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A Planck particle, named after physicist Max Planck, is a hypothetical particle defined as a tiny black hole whose Compton wavelength is equal to its Schwarzschild radius.[1] Its mass is thus approximately the Planck mass, and its Compton wavelength and Schwarzschild radius are about the Planck length.[2] Planck particles are sometimes used as an exercise to define the Planck mass and Planck length.[3] They play a role in some models of the evolution of the universe during the Planck epoch.[4]

Compared for example to a proton, the Planck particle would be extremely small (its radius being equal to the Planck length, which is about 10−20 times the proton's radius) and heavy (the Planck mass being 1019 times the proton's mass).[5]

It is thought that such a particle would vanish in Hawking radiation.

Derivation

While opinions vary as to its proper definition, the most common definition of a Planck particle is a particle whose Compton wavelength is equal to its Schwarzschild radius. This sets the relationship:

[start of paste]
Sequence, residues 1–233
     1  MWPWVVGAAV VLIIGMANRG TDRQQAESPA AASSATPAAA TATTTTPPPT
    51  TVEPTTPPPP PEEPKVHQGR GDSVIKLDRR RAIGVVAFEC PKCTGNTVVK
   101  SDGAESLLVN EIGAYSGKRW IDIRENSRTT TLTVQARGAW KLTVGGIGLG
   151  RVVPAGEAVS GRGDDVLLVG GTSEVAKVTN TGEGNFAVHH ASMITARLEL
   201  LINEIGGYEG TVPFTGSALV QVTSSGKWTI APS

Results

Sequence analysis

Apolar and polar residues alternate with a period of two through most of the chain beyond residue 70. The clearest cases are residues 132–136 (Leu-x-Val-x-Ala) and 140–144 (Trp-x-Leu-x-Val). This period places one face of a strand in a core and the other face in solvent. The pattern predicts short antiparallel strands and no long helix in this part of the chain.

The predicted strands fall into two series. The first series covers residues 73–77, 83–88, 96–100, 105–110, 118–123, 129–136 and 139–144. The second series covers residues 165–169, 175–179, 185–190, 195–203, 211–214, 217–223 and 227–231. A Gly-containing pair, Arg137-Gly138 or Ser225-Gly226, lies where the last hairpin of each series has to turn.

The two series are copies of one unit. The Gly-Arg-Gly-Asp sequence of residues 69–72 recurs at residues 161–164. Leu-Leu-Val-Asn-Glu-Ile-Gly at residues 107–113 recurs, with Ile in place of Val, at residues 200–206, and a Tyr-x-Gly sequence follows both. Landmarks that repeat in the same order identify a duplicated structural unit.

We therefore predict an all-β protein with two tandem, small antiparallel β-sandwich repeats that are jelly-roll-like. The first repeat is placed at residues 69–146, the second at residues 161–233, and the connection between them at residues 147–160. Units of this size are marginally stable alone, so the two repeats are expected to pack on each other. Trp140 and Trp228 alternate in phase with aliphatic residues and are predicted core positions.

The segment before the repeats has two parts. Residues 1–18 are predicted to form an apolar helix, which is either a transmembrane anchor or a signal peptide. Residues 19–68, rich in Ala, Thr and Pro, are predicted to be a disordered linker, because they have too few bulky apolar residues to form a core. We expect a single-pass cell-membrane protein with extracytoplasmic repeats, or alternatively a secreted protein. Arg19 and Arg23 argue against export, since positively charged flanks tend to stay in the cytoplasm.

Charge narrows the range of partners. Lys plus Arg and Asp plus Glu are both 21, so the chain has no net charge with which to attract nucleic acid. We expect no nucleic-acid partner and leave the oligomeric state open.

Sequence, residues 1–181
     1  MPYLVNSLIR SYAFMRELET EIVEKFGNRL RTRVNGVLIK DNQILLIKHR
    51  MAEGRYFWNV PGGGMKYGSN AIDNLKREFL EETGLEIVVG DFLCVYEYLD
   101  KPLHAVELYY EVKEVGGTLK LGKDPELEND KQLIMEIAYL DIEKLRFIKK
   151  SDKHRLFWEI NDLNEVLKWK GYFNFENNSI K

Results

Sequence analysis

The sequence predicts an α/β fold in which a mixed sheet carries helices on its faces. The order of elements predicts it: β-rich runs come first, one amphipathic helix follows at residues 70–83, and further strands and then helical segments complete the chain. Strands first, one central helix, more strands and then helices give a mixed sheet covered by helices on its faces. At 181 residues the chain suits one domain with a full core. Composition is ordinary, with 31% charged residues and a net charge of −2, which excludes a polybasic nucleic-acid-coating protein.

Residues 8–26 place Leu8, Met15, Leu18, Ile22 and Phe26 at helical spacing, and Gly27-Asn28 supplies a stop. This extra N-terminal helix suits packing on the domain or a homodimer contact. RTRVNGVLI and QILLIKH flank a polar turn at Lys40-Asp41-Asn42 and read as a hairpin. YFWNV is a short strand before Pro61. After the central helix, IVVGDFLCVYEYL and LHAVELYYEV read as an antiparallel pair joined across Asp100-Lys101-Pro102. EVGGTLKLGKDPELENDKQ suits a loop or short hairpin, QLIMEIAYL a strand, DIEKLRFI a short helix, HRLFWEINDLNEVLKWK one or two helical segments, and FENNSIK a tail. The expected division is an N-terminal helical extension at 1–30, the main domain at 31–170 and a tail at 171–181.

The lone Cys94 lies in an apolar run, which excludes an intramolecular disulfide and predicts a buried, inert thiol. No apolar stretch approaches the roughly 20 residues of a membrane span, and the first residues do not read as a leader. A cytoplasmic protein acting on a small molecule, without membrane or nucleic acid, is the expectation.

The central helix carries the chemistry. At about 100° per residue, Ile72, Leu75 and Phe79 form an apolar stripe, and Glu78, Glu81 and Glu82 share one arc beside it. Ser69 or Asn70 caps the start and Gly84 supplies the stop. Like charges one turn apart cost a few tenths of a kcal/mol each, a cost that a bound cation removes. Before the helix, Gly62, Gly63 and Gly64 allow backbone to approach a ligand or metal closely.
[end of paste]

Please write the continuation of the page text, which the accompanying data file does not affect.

$$\lambda = \frac{h}{m c} = \frac{2 G m}{c^2}$$

Thus making the mass of such a particle:

$$m = \sqrt{\frac{h c}{2 G}}$$

This mass will be $$\sqrt{\pi }$$ times larger than the Planck mass, making a Planck particle 1.772 times more massive than the Planck unit mass.

Its radius will be the Compton wavelength:

$$r = \frac{h}{m c} = \sqrt{\frac{2G h}{c^3}}$$

Dimensions

Using the above derivations we can substitute the universal constants h, G, and c, and determine physical values for the particle's mass and radius. Assuming this radius represents a sphere of uniform density we can further determine the particle's volume and density.

e 1: Physical dimensions of a Planck particle
Parameter Dimension Value in SI units
Mass M 3.85763×10−8 kg
Volume L3 7.87827×10−103 m3
Density M L−3 4.89655×1094 kg m-3

It should be noted that the above dimensions do not correspond to any known physical entity or material.

Micro black hole
Planck units
Max Planck
Black hole electron

References

^ Michel M. Deza; Elena Deza. Encyclopedia of Distances. Springer; 1 June 2009. ISBN 978-3-642-00233-5. p. 433.
^ "Light element synthesis in Planck fireballs" - SpringerLink
^ B. Roy Frieden; Robert A. Gatenby. Exploratory data analysis using Fisher information. Springer; 2007. ISBN 978-1-84628-506-6. p. 163.
^ Harrison, Edward Robert (2000), Cosmology: the science of the universe, Cambridge University Press, ISBN 978-0-521-66148-5 p. 424
^ Harrison 2000, p. 478.